Bloomberg BNA — Exxon Mobil Corp. has agreed to publish a report describing its plans for a future in which market forces and stricter climate regulation may leave some of its carbon reserves unburnable.
Exxon Mobil is the first oil and gas producer in the U.S. to commit to reporting on its risks of stranded assets due to climate change.
The commitment came in response to a shareholder resolution filed in the fall of 2013 by wealth management firm Arjuna Capital and shareholder advocacy group As You Sow. The resolution was withdrawn after months of negotiations with Exxon Mobil.
Investors have increasingly raised concerns that stranded assets, also known as a “carbon bubble,” could occur if fossil fuel reserves are suddenly revalued under future government policies for climate change or greenhouse gas emissions.
In its report, Exxon Mobil will let shareholders know what types of reserves it holds—from deep sea drilling, tar sands or elsewhere—so that “investors have a better idea of where the risks lie and how well the company can withstand those risks,” Danielle Fugere, As You Sow's president, told Bloomberg BNA.
“That kind of differentiation is important to shareholders as they decide which company to invest in,” Fugere said.
The report will also discuss how climate risks could affect Exxon Mobil's capital expenditure plans. The report will be posted on Exxon Mobil's website by the end of March.
Exxon Mobil's Response
Natasha Lamb, director of equity research and shareholder engagement at Arjuna Capital, said she was “very impressed” by Exxon Mobil's responsiveness to the shareholder resolution.
“In the past, they've been seen as a climate denier,” Lamb told Bloomberg BNA. Exxon Mobil seems to be making more of an effort to engage with shareholders on climate change and related issues, “in part because you can only hide under a rock for so long,” she said.
Lamb said Exxon Mobil made a “big move” recently when it disclosed to CDP, formerly known as the Carbon Disclosure Project, that it has included a carbon proxy cost in its long-term business plans since 2007. Exxon Mobil is one of about 30 companies in the U.S. that put an internal price on carbon pollution.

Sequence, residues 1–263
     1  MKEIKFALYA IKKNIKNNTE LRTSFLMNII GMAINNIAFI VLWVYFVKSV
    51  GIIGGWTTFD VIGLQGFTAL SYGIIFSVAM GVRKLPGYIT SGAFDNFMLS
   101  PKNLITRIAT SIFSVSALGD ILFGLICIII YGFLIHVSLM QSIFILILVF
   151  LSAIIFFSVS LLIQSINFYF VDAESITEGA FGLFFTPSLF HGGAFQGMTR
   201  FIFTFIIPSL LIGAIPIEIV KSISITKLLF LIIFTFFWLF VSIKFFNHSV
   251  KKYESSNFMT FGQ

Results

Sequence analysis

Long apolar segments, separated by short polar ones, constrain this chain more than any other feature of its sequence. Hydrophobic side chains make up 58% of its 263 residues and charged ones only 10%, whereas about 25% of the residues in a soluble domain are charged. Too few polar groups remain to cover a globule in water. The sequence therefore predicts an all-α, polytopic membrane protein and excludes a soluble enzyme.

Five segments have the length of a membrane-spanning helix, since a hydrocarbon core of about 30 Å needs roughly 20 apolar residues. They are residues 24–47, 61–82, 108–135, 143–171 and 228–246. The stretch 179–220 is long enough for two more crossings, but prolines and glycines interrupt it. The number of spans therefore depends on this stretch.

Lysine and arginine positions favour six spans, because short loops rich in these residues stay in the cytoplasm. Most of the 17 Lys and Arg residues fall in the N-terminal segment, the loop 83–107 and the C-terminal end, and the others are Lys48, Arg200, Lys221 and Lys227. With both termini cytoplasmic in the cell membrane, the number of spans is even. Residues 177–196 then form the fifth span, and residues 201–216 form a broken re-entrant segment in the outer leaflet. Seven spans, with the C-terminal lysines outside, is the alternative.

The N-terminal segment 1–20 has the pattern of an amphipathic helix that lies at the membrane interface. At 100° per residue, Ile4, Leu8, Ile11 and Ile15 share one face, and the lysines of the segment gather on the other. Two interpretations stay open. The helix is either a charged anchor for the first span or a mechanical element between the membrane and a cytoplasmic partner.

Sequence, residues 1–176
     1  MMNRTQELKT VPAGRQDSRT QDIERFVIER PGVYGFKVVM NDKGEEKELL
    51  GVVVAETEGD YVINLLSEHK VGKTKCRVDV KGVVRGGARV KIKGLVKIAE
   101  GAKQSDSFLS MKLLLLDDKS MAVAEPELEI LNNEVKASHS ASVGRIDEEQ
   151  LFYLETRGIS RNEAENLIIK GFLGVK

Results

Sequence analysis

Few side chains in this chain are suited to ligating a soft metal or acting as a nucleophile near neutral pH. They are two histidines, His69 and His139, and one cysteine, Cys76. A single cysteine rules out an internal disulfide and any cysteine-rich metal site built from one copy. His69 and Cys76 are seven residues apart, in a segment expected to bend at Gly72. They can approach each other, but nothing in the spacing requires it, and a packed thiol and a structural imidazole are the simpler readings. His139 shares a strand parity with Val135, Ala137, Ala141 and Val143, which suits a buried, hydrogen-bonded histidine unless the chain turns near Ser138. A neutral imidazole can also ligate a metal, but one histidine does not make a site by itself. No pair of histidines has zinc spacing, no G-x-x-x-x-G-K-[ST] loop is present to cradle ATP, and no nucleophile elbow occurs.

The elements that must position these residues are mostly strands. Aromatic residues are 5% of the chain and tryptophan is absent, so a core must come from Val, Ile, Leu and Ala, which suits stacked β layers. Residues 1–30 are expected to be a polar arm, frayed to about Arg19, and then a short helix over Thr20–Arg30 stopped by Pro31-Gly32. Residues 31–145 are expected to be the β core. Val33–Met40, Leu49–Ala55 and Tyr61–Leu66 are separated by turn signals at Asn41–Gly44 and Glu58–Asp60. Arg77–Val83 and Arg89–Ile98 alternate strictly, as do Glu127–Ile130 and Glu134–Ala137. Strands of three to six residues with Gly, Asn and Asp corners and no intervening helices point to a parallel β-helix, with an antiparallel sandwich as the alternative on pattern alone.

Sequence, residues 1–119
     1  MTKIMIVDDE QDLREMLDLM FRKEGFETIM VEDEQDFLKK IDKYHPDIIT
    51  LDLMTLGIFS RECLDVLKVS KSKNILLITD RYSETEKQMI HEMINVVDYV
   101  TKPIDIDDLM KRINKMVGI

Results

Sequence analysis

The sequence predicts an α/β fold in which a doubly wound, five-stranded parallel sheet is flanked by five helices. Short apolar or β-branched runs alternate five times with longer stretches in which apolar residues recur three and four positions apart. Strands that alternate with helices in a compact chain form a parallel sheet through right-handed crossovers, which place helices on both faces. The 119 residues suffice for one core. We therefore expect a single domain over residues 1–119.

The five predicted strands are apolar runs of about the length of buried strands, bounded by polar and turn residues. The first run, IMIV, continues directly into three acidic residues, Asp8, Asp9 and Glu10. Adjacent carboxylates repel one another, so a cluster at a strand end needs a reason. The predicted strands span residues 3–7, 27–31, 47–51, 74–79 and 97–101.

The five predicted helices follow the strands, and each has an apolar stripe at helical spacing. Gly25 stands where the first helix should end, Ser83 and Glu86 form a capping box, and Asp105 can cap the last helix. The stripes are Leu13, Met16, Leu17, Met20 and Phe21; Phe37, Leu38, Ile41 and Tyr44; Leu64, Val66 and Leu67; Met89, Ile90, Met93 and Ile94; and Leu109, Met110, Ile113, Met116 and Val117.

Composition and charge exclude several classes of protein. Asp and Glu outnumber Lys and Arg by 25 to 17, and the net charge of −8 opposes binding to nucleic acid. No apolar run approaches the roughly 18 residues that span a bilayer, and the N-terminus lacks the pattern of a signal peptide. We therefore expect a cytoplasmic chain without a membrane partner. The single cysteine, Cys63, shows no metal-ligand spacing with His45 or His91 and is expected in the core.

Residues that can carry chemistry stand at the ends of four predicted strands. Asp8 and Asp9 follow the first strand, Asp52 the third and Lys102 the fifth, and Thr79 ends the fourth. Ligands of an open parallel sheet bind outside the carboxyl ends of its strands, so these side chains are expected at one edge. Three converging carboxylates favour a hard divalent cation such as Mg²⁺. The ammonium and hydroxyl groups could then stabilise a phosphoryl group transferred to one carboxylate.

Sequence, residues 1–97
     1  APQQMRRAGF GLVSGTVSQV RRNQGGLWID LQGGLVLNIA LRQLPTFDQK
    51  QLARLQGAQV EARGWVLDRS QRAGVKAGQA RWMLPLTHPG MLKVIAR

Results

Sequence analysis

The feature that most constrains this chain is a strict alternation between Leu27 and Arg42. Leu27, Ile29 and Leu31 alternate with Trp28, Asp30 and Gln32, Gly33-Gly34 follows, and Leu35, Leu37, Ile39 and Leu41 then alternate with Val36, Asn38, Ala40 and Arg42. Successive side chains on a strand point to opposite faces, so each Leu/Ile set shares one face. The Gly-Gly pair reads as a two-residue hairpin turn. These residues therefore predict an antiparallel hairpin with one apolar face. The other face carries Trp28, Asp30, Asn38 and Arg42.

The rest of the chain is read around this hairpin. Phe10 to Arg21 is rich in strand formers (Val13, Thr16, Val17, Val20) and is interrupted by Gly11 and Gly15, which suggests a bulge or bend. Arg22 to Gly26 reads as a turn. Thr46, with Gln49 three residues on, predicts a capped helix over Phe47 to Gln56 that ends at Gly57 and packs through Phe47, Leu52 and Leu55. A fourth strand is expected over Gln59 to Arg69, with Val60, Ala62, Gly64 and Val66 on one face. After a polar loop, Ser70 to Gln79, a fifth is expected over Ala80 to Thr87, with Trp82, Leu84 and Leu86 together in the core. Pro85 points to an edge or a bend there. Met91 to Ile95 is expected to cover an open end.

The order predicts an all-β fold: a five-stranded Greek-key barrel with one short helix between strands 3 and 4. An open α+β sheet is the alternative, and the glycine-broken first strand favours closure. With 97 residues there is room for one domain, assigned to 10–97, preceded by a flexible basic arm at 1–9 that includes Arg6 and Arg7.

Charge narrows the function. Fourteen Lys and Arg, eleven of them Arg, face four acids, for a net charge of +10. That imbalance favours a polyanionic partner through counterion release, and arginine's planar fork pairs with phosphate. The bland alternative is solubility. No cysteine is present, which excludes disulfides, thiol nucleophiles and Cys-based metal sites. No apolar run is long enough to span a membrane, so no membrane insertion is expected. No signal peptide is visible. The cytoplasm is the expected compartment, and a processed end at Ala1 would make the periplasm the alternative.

“Exxon Mobil invests billions of dollars in energy projects which take decades to plan and execute,” Exxon Mobil spokesman Alan Jeffers told Bloomberg BNA in December. “Although climate policies remain uncertain today, for the purposes of our business planning we assume that governments will continue to gradually adopt a wide variety of more stringent policies to help stem greenhouse gas emissions.”
Exxon Mobil declined to comment on the shareholder resolution.
The agreement with Exxon Mobil has the potential to set a standard for other energy companies in terms of what kind of information is important to investors, Fugere said.
About 10 energy companies, including Chevron Corp., Hess Corp. and Anadarko Petroleum Corp., have received similar shareholder resolutions on carbon asset risk so far during the 2014 proxy season. Discussions with these companies are “in various stages,” with some proposals leaning toward withdrawals, while many of the other resolutions will likely go to a vote, Fugere said.
As You Sow filed the first shareholder resolution on carbon asset risk with CONSOL Energy last proxy season. The resolution went to a vote and received about 20 percent support, which is considered high among shareholder resolutions.
Since then, CONSOL has divested nearly half of its carbon-heavy coal holdings in favor of less carbon-intensive natural gas, which Fugere said is an indication of where the energy market is going.
“Companies need to acknowledge that preparing for a low-carbon future is a necessity, not a choice,” she said.
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